Marginal Gains via Bike Components?
I sat on my patio bored and beat in the sun staring at my bike thinking about how to kill time. I thought to myself that it's probably time to throw on a new chain and maybe lose the 11-25 cassette now that I'm not riding much, I'm back in the pool, and my knees are starting to develop a twinge indicative of pushing perhaps too big of a gear. I threw on Shimano's newly designed 11-27 cassette and before I threw on the chain I spun the ceramic bearing equipped pulleys on my Red derailleur and noticed how badly they moved. I ignored this for now and installed a 6700 Ultegra chain (only after obsessively comparing it's length to my discarded chain). After I scoped out SRAM's website for some insight on my gunky bearings and found this:
Attention Red: the ceramic pulley bearings require regular maintenance. Re-grease bearings using SKF LGHP2 grease after 100hrs of use in dry conditions or immediately following any significant exposure to water (riding in heavy rain, water crossings).
I thought aloud, "100 hours?! Are you kidding me?". I remembered that somewhere in my tool box hid a syringe full of blue grease (pictured) that came with my Red Group. It seemed like something close enough to the google results for the aforementioned "SKF LGHP2", but the question still remained, why do sealed cartridge ceramic bearings need overhauling on such short intervals compared to a standard bearing? A tech document a few years ago from Campy stated that ceramic bearings have such smooth surfaces that they push the grease out of bearings, rather than retaining it. I wasn't completely convinced by this and it seemed more like marketing for their CULT bearings (which are nice in their defense).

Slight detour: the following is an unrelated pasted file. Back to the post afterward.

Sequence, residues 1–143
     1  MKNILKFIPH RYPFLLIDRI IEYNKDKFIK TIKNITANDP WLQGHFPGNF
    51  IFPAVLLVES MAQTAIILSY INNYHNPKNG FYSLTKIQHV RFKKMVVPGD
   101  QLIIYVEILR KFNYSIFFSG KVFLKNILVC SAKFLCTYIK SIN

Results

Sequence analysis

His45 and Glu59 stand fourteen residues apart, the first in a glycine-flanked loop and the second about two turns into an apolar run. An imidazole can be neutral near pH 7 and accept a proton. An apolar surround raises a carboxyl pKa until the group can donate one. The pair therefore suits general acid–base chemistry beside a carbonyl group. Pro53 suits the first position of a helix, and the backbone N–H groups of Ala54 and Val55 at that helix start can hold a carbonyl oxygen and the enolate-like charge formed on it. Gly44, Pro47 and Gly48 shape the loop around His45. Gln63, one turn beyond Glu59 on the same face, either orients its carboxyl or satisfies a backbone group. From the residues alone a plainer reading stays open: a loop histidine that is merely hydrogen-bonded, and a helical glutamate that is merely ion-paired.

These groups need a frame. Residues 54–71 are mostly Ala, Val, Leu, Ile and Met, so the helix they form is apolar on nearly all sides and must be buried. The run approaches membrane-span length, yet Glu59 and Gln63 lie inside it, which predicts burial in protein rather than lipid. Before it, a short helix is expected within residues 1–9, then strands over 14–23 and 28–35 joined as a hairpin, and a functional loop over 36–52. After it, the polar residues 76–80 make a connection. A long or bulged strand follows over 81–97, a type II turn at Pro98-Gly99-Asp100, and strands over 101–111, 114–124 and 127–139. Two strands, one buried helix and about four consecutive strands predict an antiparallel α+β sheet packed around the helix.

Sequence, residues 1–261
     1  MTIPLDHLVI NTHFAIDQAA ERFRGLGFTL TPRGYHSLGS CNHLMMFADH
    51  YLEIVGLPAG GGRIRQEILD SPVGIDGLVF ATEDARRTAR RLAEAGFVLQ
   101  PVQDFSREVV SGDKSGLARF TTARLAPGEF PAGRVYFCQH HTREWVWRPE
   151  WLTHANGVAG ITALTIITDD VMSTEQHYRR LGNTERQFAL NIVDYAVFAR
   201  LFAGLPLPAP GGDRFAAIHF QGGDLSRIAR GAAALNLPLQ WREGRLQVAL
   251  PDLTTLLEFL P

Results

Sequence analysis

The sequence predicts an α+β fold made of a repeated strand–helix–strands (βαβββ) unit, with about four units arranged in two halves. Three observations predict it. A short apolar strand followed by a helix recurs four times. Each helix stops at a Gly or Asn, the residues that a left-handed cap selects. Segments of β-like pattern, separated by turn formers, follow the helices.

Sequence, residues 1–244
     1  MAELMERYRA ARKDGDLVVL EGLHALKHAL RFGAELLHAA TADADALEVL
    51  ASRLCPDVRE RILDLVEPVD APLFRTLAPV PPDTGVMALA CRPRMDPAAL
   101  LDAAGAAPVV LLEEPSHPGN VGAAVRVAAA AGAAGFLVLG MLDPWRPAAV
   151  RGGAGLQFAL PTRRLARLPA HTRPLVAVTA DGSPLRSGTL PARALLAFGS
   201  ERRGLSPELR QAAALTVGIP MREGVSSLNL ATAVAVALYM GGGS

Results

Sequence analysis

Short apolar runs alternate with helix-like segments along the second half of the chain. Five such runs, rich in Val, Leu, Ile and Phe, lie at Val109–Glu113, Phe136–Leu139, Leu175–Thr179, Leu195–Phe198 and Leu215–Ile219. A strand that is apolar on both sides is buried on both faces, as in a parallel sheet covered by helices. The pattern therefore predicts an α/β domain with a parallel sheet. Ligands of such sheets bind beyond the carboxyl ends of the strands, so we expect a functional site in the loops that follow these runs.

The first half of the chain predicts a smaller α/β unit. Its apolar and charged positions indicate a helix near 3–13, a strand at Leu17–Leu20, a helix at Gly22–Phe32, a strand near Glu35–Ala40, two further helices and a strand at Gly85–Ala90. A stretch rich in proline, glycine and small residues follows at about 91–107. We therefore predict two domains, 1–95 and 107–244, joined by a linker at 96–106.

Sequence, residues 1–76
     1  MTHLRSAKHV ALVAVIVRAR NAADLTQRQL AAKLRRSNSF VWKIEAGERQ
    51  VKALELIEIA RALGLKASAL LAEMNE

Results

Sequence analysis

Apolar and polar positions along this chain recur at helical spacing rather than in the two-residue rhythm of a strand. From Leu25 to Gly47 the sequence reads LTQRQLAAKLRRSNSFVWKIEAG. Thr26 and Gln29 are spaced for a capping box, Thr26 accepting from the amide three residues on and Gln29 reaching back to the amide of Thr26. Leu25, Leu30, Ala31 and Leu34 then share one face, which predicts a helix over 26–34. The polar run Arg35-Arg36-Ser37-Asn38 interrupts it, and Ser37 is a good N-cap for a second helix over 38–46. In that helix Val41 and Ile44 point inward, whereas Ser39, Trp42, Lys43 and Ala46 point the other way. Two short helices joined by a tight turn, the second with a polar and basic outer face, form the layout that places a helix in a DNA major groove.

When you think about it, these pulleys contain the fastest spinning bearings on the bike. If you turn the cranks at 100 rpm, the pulleys are at 481 rpm in the big ring and 355 rpm in the little ring. Thus the more the bearings spin the more potential to suck up watts. On the other hand derailleur pulleys seem to have much less radial load than bottom bracket and wheel bearings and this load contributes to bearing drag. I temporarily removed my gloves and apron and went back inside to get on www.analyticcycling.com to try to get an idea of how much these pulleys can actually affect power. There I found a calculator that outputs speed based on the input of power (250 watts was the default). The system assumed a combined 75kg rider and bike weight on a typical flat asphalt road. The 75kg combo @ 250 watts travels 11.23 meters per second and will travel a distance of 40.428 kilometers in one hour. The second time around I inputed 250.5 watts, The .5 watts comes from the proven advantage of a ceramic pulley bearing versus a Dura-Ace pulley bearing (surfing the web for 10 mins). The 250.5 watt outputted 11.24 meters per second with the same variables. This equals 40.464 kilometers in one hour. This watt difference results in a 36 meter advantage, which is you've read any of our 40k time trial articles is a HUGE difference that can win or lose a race.
In the end I wont be overhauling my pulley bearings every 100 hours, but I definitely will consider doing it at least twice a year.